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We've already hashed out the poor pass protection and turnover issues in the game vs the Falcons. Ryan Mathews was a big part of both problems, but he's also the team's most dynamic player on offense.
For one exciting quarter of football, the return of Ryan Mathews to the Chargers running game was a breath of fresh air. Mathews found the edge, hit holes and broke tackles in ways that the likes of Curtis Brinkley and Ronnie Brown simply can't. Mathews was the feature back until the game was decided. He didn't come out for 3rd down, goal line, or two minute drill situations as in past years. There was no Mike Tolbert waiting in the wings to vulture the touchdowns. His single game rushing DVOA would place him just outside the top third of running backs if he had enough carries to qualify. But then Mathews fumbled... and then Rivers was in his ear about pass protection mistakes... the wheels fell off and the run game was abandoned.
I don't think Mathews' Run % ever got below 60% in previous years. In a game like this he would have been pulled for Tolbert. We had been expecting more of the same this year, with Brown playing the part of Tolbert. It was a big change for Norv Turner to rely on Mathews so heavily in the passing game. One has to wonder if Turner believes Mathews' pass protection has evolved, or if he simply has no other choice. In any case, that healthy 4.9 YPC was something the team had been missing. For the second straight week, Battle has gaudy, if pointless numbers from a small sample.
|Halfback||Snaps||Running Plays||Passing Plays||Run %||YPC|
The fact that Mathews lead the team in first downs shows how desperately they need him to figure out pass protection and eliminate turnovers. He really is the most electric player on this team.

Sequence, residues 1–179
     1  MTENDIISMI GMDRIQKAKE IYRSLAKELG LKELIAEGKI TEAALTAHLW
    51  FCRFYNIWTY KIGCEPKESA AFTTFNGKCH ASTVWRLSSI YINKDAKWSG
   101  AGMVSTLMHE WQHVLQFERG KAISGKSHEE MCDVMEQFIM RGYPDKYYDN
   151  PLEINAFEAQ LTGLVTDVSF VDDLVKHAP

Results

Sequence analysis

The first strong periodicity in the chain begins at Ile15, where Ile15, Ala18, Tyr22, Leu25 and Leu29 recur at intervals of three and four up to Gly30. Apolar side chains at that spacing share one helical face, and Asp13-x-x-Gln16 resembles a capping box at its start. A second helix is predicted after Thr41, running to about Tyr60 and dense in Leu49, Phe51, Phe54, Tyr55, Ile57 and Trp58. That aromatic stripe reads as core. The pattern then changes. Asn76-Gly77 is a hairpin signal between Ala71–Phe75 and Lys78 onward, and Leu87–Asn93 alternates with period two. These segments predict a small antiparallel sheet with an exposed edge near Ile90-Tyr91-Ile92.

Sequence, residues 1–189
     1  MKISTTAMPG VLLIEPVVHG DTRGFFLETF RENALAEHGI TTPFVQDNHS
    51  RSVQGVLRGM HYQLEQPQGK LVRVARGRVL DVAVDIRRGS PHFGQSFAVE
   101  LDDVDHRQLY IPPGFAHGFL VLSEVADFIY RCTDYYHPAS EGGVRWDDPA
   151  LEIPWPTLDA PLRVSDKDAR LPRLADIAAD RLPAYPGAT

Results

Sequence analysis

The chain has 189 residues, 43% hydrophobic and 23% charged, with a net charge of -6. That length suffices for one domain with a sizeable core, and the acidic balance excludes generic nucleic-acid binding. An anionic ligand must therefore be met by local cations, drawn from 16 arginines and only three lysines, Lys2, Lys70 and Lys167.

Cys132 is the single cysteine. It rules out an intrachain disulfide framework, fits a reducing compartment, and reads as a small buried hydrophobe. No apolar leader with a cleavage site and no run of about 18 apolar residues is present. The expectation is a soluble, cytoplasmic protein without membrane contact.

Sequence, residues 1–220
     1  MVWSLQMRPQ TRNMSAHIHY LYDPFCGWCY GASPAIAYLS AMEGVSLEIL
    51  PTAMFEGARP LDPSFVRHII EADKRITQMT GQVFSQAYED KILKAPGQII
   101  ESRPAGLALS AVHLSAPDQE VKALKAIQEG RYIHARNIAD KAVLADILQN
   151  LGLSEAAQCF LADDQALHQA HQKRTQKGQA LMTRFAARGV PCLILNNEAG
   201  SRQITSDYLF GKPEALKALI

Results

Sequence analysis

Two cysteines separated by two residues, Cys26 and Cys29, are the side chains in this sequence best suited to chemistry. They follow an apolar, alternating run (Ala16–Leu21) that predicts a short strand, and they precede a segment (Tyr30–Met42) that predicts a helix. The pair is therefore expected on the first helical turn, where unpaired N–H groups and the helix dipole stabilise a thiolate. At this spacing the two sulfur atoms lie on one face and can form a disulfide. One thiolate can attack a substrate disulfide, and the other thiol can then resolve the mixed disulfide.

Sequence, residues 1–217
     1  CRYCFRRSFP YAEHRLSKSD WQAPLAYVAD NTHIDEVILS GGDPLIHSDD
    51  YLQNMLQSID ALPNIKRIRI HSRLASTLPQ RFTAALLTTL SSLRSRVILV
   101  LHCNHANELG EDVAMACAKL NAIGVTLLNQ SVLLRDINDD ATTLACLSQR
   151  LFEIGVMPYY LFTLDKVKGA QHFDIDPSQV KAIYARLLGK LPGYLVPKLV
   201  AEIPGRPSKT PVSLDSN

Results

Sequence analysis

Analyzing the Data
Digging into the log this week bears out typical pass whacky, shotgun spread offense that we're used to seeing while playing from behind. Every single down favored the pass.
The formation data shows a continuation of tendencies established the first two weeks. Ace continues to be a coin flip, shotgun for passing, jumbo for running. Running from spread receiver formations saw a big uptick, but most of those were late in the game against nickel and dime prevent defenses.
This Week's Science Experiment
A new feature of the Playbook Confidential log this season is the receiver and tight end strong side, something that we haven't been analyzing thus far. With all three games combined, there are a few things that might be fun to keep an eye out for against the Chiefs. Tight ends to the left, especially when combined with receivers also to the left is quite the passing tell thus far. It's hard to say if this is how Norv likes to use Gates routes, or if this is Mike Harris special treatment. Either way it's a fairly strong and alarming 'tell'. The only power combo that favors the run is receivers to the left with tight ends balanced. Play along at home this week, combining it with what we've learned about the backfield and formation tendencies.
|Receivers||TE||Run %||Pass %||Total Plays|
Now that three weeks of NFL play have gone by, we can start looking at season long cumulative VOA (DVOA starts next week) and raw yardage. The Kansas City defense this far has been a poster child for misleading raw yardage stats. The VOA ranks show them in the bottom tenth of the league in run and overall defense. The other side of the coin is that the Charger offense is solidly in the bottom third. Both squads play the pass a little better than the run, so there's no obvious mismatch for San Diego to take advantage of (from a team statistics point of view). Keep in mind that for defense VOA, negative is good, while negative is bad for offense VOA.
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